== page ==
At 10 years of age, my oldest child has become increasingly challenging for me to get along with as she enters the puberty years.
It seems like centuries ago that she was mostly cheery with me, or even laid back half the time, because when nearly every conversation ends (or begins) with an eye-roll, the days are long. Really long.
Before you get the wrong idea, let me just tell you, my kid is sweet. She’s the kind of person who sees something on TV and says, “Claire would like that,” rather than, “I want that.” She’s wonderful to her friends, her teachers, her grandparents … pretty much everyone but me.
Well, and her little brother, whose life’s mission is pretty much to annoy her (which is not all that tough of a feat). She’s a kind and happy person in general — but at home, she’s highly irritable.
I try to shrug it off and breathe through it. But after the 15th sassy comment of the day before 8 a.m., I am often grinding my teeth to keep from yelling. There’s nothing she likes for breakfast, her brother took the remote, I dared to ask her to put her dish in the sink … the list of things that get under her skin seems to grow on the regular.
I would’ve thought I’d be better at coping with my daughter’s hormone-induced rage. After all, I went through the same thing myself. I was downright rotten. I was so awful to my mother she still refers to the years between 11 and 14 as “the dark ages.” I was an early bloomer, I guess. But for my mother, it felt young for me to start acting up. I’m sure it was confusing.
Because I started going through puberty at an early age, I anticipated that much from my daughter. What I didn’t expect was how emotionally taxing it is to be on the receiving end of the rudeness, the shortness, the emotional roller coaster. I’m an adult — I should be able to let it go. But the thing is, it’s hurtful to be talked down to constantly — even by a child. And it’s especially hurtful when I’m trying so hard to avoid her wrath. I often feel like there’s nothing I can do right anymore.
Lately, I’ve started to crack. And after one epically awful day filled with one too many snotty comments, I found myself screaming until my throat was sore. My daughter cried in her bed, and I was guilt-ridden after only a minute. I stayed that way for three days — feeling utterly awful that I’d let my emotions get the best of me. Even though it was clear I needed some kind of release, I know by now that yelling at my kids in a way that feels uncontrolled or potentially damaging is never the way to go. But I snapped. We all snap sometimes.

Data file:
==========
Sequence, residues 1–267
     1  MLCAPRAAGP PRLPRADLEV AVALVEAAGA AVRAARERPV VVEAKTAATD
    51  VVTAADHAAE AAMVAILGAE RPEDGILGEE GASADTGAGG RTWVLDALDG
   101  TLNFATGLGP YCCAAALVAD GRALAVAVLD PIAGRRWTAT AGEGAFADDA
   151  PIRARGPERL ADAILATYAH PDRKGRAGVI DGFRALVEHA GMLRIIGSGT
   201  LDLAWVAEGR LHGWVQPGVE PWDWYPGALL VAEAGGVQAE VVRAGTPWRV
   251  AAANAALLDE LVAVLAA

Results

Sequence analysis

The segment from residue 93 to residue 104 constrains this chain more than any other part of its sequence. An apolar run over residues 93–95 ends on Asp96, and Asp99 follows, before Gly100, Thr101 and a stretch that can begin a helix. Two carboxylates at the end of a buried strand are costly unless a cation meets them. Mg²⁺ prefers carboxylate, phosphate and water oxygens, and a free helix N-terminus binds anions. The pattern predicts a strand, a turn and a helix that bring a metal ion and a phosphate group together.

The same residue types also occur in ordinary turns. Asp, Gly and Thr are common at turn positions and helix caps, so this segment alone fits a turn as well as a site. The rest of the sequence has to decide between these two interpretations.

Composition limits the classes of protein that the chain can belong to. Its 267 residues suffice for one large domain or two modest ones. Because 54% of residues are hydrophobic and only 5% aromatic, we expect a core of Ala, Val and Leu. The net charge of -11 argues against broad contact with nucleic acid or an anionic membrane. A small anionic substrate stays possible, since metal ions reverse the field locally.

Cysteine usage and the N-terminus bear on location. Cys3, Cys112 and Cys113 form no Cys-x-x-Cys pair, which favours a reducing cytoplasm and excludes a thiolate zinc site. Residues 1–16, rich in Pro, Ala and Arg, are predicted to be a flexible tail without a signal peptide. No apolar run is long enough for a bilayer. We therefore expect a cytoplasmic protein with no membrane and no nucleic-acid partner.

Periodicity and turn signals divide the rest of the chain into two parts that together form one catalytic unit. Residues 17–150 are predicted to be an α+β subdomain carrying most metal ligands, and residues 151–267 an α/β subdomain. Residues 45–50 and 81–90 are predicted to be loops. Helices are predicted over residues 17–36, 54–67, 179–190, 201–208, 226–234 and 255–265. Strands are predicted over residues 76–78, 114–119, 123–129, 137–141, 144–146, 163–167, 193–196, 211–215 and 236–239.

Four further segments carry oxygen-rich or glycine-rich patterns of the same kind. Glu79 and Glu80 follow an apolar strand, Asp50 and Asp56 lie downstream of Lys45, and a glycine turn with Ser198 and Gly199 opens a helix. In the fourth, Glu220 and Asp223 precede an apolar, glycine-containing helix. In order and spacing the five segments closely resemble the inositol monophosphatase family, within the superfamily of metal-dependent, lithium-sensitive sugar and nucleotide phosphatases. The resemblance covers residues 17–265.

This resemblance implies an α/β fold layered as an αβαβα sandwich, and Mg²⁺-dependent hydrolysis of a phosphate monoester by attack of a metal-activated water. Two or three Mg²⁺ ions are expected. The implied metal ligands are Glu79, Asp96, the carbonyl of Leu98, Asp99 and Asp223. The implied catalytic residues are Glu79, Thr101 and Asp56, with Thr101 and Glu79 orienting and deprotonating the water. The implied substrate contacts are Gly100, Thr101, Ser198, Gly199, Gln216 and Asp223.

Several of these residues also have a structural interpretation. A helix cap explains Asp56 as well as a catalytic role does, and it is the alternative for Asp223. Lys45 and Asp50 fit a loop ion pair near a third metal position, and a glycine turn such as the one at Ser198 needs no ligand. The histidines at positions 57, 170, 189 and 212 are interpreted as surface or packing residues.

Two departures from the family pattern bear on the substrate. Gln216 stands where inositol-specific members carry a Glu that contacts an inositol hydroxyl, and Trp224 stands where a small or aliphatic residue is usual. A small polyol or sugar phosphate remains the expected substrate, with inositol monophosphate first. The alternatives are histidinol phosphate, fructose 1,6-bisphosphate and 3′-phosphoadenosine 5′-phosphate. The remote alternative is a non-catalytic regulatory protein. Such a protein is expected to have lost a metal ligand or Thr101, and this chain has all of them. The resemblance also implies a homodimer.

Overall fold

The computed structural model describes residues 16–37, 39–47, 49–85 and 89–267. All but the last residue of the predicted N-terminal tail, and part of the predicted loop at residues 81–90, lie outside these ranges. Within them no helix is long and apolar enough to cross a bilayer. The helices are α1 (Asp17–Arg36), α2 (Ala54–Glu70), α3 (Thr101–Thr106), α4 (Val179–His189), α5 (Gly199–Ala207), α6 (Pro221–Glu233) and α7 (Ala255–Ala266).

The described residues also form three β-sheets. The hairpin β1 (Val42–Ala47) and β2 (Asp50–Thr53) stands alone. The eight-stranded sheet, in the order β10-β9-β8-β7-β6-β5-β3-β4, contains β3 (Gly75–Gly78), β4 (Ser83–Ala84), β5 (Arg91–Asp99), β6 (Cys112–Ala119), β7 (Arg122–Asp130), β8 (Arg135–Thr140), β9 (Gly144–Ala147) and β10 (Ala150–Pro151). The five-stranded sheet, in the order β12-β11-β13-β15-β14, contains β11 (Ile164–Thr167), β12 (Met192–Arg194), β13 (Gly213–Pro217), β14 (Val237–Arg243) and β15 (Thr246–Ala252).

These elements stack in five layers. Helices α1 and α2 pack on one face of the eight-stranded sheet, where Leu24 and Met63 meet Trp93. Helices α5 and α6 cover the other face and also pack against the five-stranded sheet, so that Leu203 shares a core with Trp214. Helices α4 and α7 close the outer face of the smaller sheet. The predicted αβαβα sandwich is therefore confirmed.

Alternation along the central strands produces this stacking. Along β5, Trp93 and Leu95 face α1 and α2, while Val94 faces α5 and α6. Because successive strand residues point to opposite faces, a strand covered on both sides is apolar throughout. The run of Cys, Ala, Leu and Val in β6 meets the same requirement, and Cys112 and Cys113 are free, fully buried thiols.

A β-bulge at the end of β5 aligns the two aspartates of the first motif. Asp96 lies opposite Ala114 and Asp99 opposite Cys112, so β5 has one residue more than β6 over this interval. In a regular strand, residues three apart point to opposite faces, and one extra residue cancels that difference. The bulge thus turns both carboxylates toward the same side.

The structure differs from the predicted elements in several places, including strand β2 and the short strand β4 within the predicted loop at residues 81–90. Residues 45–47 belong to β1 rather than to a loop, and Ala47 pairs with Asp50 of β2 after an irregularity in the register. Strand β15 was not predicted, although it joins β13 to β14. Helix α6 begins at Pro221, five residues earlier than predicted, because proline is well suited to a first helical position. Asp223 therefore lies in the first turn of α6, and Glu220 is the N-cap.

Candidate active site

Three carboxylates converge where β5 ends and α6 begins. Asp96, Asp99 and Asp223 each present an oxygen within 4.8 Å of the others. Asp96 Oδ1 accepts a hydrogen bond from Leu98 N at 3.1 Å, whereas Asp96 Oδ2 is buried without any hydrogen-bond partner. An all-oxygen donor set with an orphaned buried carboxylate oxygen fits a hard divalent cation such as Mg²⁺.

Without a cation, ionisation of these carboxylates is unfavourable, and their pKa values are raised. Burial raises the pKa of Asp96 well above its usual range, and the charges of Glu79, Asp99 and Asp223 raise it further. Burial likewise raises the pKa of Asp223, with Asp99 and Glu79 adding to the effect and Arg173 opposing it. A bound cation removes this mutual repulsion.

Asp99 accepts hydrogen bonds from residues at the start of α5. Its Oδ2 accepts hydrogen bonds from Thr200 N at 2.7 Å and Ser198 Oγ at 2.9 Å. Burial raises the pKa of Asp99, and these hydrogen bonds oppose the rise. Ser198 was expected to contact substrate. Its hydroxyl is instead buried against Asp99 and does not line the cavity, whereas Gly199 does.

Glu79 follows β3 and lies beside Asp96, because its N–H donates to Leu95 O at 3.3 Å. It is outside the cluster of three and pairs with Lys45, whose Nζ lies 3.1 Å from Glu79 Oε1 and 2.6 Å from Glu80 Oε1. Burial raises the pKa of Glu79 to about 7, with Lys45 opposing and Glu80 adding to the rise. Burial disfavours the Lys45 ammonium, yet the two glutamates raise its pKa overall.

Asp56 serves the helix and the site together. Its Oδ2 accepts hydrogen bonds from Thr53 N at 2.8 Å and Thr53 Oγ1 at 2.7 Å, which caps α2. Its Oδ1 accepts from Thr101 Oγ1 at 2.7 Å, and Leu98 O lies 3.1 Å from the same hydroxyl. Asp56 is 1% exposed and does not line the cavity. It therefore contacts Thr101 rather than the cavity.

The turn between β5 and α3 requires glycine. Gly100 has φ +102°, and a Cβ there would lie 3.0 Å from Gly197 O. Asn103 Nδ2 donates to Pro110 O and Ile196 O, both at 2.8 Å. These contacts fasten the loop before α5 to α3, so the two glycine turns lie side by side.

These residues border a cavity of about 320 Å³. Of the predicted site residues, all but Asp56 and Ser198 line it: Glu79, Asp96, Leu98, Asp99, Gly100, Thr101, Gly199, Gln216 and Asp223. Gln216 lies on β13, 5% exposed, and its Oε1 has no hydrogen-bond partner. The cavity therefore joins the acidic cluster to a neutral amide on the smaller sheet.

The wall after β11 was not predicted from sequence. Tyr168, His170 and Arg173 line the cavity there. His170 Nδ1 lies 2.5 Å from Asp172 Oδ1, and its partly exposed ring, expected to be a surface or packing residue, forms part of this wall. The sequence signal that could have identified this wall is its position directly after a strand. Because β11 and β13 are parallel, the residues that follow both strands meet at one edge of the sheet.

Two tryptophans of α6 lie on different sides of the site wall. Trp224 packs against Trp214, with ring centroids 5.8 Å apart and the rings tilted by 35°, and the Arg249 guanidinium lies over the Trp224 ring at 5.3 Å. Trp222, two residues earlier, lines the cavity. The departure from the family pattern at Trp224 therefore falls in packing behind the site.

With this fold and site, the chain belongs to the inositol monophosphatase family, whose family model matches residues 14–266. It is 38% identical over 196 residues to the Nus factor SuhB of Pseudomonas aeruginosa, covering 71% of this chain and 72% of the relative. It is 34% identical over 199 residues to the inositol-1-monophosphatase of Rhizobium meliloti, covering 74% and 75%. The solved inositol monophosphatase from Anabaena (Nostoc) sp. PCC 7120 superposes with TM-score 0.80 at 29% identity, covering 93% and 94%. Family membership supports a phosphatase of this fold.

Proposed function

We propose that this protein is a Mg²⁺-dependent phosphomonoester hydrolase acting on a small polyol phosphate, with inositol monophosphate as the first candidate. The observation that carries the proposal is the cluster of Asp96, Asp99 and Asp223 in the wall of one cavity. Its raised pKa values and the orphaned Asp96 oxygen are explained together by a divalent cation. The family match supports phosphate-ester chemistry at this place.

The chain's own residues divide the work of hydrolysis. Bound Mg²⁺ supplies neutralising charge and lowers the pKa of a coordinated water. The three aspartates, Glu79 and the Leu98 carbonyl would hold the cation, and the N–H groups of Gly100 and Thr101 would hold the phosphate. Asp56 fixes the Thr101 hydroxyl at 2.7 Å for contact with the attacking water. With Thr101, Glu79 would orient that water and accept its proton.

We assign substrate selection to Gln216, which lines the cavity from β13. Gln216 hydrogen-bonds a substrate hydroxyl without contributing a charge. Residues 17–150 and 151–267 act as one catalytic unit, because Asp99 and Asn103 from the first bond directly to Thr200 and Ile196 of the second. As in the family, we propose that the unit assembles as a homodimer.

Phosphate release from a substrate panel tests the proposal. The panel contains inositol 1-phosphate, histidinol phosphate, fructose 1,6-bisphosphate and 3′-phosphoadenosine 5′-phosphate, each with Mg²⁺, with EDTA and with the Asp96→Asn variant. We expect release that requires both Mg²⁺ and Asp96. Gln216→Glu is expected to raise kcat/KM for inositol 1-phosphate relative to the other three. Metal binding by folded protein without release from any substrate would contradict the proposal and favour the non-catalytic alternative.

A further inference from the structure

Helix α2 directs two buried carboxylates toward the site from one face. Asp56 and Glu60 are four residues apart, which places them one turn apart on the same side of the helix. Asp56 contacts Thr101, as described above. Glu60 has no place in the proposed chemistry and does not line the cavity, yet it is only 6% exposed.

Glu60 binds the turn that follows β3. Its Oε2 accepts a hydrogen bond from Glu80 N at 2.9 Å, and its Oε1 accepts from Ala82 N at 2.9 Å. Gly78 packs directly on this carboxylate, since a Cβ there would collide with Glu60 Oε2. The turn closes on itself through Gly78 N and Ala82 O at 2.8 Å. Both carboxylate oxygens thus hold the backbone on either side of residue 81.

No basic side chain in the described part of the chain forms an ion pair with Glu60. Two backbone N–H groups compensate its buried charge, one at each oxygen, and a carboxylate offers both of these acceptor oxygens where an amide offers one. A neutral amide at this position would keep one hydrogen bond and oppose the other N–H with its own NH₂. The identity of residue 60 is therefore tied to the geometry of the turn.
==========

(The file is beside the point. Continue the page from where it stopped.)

After my explosion, I had a talking to with myself. I told myself that I wouldn’t take her behavior so personally, that I would do my best to show her compassion because that’s what she needed. Yelling wouldn’t solve anything. All it would really do is hurt the both of us.
I don’t always have the best patience as a mom. But I’m great at apologizing. After calming down, I crept in my daughter’s bed and talked to her. I told her that it wasn’t OK for me to yell at her the way I had, but I also let her know how it makes me feel when she talks to me so rudely. I opened up to her about how her behavior was hurting me, and how it hurts her younger brother. And I told her that I know it’s incredibly hard to be growing through the emotions that I know she’s in the midst of — I remember how hard it is.
I could tell she felt relieved that I said I’m sorry, and that I vowed to be more patient. She promised she would try harder, too. If I’m being really honest, I’m not exactly expecting a huge shift, because the thing is, 10 is really young to be so challenged by your shifting hormones and fiery emotions. Speaking from experience, I know that it’s a lot to handle and that the process isn’t always pretty.
We talk a lot about the physical changes that happen to kids during puberty. But the mental changes are more important, and they’re so hard to cope with. If you’ve always been a pretty happy kid, feeling grumpy, tired, or irritated all the time can be confusing. It can be utterly painful. I mean, there’s a reason adults often say they wouldn’t ever want to live through those years again — they’re just filled with so much turmoil.
I definitely do not have all of the answers when it comes to standing by and watching my daughter go from my sweet little girl to a young woman. It’s painful for me, too. I feel like I’ve lost someone I once knew. Sometimes, when her younger brother snuggles up to me at night, I yearn for her to come and get in my bed and cuddle up to me on the other side. She really doesn’t do that anymore. Maybe once in a while. She used to always hold my hand, too. Even just in the past few months, she’s stopped taking it when I offer it to her.
But I also know that my sadness is secondary to what she’s going through. I know that because the struggles I’m having with my daughter are just one part of my life. For her, if I remember correctly, the turmoil she’s feeling right now feels like her entire life. Because it kind of is. It’s all-encompassing and it’s probably going to feel that way for a while. The least I can do is try to be compassionate.
That doesn’t mean agreeing with her all the time. And it doesn’t mean letting her disrespect me. But it means controlling my own behavior, looking for moments to connect, and not taking her actions so personally. If I know anything at all, I know that it’s not about me, even when it feels like it is. That doesn’t mean it doesn’t hurt, but it doesn’t have to ruin my day, every day.
It’s easier said than done to keep practicing kindness when your kid is throwing you curveballs. But I also know that kids act out when they’re struggling — and that’s when they need kindness the most.
We may not ever have the relationship we had before. But I’m hoping that someday we’ll find a new good place on the other side of all of this. One where she may not hold my hand, but she knows I’m close by.